–Russia’s Omsk refinery has completed the installation of a key equipment from the catalytic reformer L 35/11-600 aimed to increase the output of high octane components. The modernization of the reformer unit is set for completion for 2020. The upgraded reformer will secure the efficient processing of feedstock from two delayed cokers, also due for launch in 2020. By 2021, Russia’s Omsk will complete two stages of its modernization, which started in 2007. The refinery is building a diesel hydrocracker. The complex, with a 2.5 million mt/year capacity, will replace two outdated units and will increase production of Arctic diesel. The hydrocracker will begin operations in 2020. The second stage also involves building a new primary processing complex and deep processing complex. Gazprom Neft said it has completed installing part of the CDU-VDU complex. The 8.4 million mt/year complex will allow the refinery to take outdated equipment out of service and increase the energy efficiency of the refinery. Separately, Gazprom Neft said it has started installing the main reactor equipment for upgrades to the Omsk delayed coker and has also started assembling the diesel hydrotreater which includes more than 150 Russian-made parts. Gazprom Neft said in late April that its Omsk refinery has delivered the first test batch of needle coke. The industrial output of the product, which is valuable feedstock for the metallurgic, nuclear, chemical industries, will start in 2021 after the upgrade of its delayed coker. The project will enable the refinery to become the first in Russia to produce needle coke, which currently is imported.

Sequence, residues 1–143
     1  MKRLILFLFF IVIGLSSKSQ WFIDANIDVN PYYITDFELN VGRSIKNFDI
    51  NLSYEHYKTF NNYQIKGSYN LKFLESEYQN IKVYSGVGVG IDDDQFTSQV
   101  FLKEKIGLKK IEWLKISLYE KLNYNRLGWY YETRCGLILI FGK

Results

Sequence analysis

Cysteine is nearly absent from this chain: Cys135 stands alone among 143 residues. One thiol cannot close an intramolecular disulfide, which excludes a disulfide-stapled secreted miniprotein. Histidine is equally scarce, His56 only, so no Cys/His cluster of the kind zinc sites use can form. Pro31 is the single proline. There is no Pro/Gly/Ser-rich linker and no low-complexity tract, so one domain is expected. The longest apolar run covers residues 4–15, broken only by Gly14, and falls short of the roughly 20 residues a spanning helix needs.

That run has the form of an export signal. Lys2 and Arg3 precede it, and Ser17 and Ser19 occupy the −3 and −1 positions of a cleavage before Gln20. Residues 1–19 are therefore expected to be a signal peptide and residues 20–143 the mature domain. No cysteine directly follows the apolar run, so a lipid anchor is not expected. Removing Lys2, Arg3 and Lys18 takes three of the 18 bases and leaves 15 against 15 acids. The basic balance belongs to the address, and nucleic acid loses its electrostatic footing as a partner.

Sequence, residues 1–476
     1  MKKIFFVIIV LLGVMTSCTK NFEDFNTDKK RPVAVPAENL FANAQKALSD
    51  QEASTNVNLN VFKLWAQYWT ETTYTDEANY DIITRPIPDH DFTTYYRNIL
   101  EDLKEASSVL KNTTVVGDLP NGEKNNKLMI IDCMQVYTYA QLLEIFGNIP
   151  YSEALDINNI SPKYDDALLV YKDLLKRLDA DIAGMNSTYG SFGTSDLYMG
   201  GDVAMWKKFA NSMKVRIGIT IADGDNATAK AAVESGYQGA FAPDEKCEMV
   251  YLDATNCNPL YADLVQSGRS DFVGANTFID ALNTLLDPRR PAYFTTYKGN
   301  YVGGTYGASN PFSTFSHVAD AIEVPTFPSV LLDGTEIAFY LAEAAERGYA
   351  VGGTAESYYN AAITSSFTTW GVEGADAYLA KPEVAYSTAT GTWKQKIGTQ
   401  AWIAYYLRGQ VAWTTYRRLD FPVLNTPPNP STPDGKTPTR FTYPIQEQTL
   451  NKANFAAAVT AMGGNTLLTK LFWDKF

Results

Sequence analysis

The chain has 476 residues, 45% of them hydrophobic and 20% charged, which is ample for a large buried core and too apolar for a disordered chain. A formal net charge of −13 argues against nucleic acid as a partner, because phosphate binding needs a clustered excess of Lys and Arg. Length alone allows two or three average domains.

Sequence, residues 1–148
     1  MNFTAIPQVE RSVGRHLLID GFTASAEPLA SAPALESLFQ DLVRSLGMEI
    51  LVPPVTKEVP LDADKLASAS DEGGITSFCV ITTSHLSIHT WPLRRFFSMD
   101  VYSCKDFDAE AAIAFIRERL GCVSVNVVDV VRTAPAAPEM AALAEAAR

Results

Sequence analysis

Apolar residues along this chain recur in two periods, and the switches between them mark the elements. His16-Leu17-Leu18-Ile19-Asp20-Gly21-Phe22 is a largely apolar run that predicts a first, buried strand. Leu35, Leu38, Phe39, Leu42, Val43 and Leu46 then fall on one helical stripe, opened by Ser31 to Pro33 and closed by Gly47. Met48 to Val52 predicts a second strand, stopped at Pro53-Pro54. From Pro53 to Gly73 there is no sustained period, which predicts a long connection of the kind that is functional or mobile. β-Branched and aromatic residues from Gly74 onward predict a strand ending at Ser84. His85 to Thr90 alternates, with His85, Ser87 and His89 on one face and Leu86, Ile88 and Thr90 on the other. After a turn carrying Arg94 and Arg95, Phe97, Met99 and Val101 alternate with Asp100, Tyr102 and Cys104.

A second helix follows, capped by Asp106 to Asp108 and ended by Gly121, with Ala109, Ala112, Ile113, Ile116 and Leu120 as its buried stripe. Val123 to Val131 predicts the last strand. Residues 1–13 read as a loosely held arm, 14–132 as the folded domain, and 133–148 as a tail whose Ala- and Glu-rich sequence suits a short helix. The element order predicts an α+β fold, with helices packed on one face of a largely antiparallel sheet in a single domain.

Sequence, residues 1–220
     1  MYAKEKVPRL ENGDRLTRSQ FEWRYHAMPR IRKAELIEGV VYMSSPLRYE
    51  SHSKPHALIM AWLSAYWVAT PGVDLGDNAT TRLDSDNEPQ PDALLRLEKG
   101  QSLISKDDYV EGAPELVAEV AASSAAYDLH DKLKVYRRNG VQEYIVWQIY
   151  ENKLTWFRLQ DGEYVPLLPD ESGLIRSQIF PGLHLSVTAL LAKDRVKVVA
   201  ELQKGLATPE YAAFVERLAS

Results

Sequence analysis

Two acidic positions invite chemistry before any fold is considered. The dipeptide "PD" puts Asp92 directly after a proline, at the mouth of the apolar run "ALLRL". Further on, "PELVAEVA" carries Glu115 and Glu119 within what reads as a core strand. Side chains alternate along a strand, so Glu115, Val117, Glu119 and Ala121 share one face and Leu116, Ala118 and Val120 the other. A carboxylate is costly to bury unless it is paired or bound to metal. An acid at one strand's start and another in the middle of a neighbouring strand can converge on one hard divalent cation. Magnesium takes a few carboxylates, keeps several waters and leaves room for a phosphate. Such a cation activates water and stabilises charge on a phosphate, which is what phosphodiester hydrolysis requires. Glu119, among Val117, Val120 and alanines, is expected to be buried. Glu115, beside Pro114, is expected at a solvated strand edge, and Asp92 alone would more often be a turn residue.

–Russian oil company Tatneft said that it has started in a test mode the new primary processing unit ELOU-AVT-6 at its Taneco refinery and has produced the first batch of naphtha. The second primary processing complex has 6 million mt/yr capacity and consists of desalter, crude and vacuum distillation. The addition will help increase capacity to 14 million mt/year. The company is also working on new test units for residue hydroconversion with 50,000 mt/year capacity, scheduled to launch in 2020.